He also married a Muslim woman he met abroad, prompting his conversion to Islam. Colleagues said he doesn’t shy away from mentioning his religion but is not demonstrably observant. There is no prayer rug in his office, officials said, although he is known to clutch a strand of prayer beads.
Roger was not part of the first wave of CIA operatives deployed after the Sept. 11 attacks, and he never served in any of the agency’s “black sites,” where al-Qaeda prisoners were held and subjected to harsh interrogation techniques.
But in subsequent years, he was given a series of high-profile assignments, including chief of operations for the CTC, chief of station in Cairo, and the top agency post in Baghdad at the height of the Iraq war.
Along the way, he has clashed with high-ranking figures, including David H. Petraeus, the U.S. military commander in Iraq and Afghanistan, who at times objected to the CIA’s more pessimistic assessments of those wars. Former CIA officials said the two had to patch over their differences when Petraeus became CIA director.
“No officer in the agency has been more relentless, focused, or committed to the fight against al-Qaeda than has the chief of the Counterterrorism Center,” Petraeus said in a statement provided to The Post.
Harsh, profane demeanor
By 2006, the campaign against al-Qaeda was foundering. Military and intelligence resources had been diverted to Iraq. The CIA’s black sites had been exposed, and allegations of torture would force the agency to shut down its detention and interrogation programs. Meanwhile, the Pakistani government was arranging truces with tribal leaders that were allowing al-Qaeda to regroup.
Inside agency headquarters, a bitter battle between then-CTC chief Robert Grenier and the head of the clandestine service, Jose Rodriguez, was playing out. Rodriguez regarded Grenier as too focused on interagency politics, while Grenier felt forced to deal with issues such as the fate of the interrogation program and the CIA prisoners at the black sites. Resources in Pakistan were relatively scarce: At times, the agency had only three working Predator drones.
In February that year, Grenier was forced out. Rodriguez “wanted somebody who would be more ‘hands on the throttle,’ ” said a former CIA official familiar with the decision. Roger was given the job and, over time, the resources, to give the throttle a crank.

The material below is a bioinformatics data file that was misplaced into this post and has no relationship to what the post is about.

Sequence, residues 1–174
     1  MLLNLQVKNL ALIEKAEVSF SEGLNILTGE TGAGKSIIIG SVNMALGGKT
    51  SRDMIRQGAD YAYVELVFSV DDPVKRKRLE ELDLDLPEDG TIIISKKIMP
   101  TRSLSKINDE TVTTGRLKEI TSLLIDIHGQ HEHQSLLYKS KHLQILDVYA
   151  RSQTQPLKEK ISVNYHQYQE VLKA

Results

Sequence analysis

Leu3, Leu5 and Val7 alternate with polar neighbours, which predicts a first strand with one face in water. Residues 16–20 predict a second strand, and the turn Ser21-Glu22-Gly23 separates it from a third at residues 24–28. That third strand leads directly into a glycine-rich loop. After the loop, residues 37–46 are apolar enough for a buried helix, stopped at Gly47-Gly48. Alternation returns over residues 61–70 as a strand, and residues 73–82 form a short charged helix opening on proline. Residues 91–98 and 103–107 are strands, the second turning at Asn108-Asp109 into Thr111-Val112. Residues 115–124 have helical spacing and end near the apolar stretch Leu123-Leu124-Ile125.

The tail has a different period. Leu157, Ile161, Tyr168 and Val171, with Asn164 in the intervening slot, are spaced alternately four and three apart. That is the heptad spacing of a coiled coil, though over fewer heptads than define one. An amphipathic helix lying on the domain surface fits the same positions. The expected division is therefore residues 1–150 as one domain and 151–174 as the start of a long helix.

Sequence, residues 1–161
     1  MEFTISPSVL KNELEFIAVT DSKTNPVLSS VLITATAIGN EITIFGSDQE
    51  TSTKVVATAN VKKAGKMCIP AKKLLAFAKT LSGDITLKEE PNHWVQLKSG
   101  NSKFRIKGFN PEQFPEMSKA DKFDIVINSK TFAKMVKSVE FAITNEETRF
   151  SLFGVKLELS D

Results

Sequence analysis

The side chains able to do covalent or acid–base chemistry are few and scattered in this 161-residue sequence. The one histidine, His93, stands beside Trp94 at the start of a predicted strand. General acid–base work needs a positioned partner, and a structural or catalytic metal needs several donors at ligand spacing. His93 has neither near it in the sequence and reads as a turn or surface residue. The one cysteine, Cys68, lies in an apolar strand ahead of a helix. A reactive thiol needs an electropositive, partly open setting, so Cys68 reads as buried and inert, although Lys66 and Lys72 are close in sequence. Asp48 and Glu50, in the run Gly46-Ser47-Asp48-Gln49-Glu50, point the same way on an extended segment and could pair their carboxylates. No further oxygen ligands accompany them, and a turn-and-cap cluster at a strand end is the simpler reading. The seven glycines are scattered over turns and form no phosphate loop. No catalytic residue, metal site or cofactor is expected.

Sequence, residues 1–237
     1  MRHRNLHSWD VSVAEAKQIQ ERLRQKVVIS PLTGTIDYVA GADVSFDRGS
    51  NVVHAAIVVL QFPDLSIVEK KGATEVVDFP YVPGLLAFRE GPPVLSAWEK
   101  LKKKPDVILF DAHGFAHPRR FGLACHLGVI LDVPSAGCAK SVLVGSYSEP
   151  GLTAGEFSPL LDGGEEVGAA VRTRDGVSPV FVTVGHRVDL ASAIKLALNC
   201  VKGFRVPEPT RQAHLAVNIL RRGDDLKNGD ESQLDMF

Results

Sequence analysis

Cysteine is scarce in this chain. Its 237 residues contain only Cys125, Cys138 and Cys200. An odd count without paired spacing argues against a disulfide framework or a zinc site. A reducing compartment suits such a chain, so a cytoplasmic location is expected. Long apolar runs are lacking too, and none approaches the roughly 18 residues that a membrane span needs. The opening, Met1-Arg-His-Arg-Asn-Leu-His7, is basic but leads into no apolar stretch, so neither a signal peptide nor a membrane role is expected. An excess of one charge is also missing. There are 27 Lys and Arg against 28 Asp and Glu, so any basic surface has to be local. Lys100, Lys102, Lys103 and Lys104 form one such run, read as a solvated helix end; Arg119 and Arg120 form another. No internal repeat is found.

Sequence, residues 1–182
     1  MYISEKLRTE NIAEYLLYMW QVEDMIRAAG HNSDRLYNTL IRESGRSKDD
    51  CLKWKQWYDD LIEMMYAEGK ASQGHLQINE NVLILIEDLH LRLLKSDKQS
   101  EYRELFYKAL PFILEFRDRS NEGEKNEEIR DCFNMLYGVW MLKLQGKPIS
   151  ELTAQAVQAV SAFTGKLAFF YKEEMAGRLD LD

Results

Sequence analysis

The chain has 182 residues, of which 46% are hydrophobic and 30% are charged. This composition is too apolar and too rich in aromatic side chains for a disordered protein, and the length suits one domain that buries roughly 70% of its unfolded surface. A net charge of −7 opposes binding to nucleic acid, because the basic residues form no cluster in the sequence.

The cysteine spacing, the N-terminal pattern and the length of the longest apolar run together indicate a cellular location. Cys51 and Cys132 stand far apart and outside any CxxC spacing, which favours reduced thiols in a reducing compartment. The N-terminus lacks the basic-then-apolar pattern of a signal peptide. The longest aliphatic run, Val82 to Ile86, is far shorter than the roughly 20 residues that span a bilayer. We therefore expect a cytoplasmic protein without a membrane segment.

Grenier declined to comment.
Stylistically, Grenier and Roger were opposites. Grenier gave plaques and photos with dignitaries prominent placement in his office, while Roger eschewed any evidence that he had a life outside the agency. Once, when someone gave him a cartoon sketch of himself — the kind you can buy from sidewalk vendors — he crumpled it up and threw it away, according to a former colleague, saying, “I don’t like depictions of myself.”
His main addition to the office was a hideaway bed.
From the outset, Roger seemed completely absorbed by the job — arriving for work before dawn to read operational cables from overseas and staying well into the night, if he left at all. His once-pudgy physique became almost cadaverous. Although he had quit smoking a decade or so earlier, his habit returned full strength.
He could be profane and brutal toward subordinates, micromanaging operations, second-guessing even the smallest details of plans, berating young analysts for shoddy work. “This is the worst cable I’ve ever seen,” was a common refrain.
Given his attention to operational detail, Roger is seen by some as culpable for one of the agency’s most tragic events — the deaths of seven CIA employees at the hands of a suicide bomber who was invited to a meeting at a CIA base in Khost, Afghanistan, in December 2009.
An internal review concluded that the assailant, a Jordanian double-agent who promised breakthrough intelligence on al-Qaeda leaders, had not been fully vetted, and it cited failures of “management oversight.” But neither Roger nor other senior officers were mentioned by name.
One of those killed, Jennifer Matthews, was a highly regarded analyst and protege of Roger’s who had been installed as chief of the base despite a lack of operational experience overseas. A person familiar with the inquiry said that “the CTC chief’s selection of [Matthews] was one of a great number of things one could point to that were weaknesses in the way the system operated.”
Khost represented the downside of the agency’s desperation for new ways to penetrate al-Qaeda, an effort that was intensified under President Obama.
Roger’s connection to Khost and his abrasive manner may have cost him — he has been passed over for promotions several times, including for the job he is thought to have wanted most: director of the National Clandestine Service, which is responsible for all CIA operations overseas.
‘A new flavor of activity’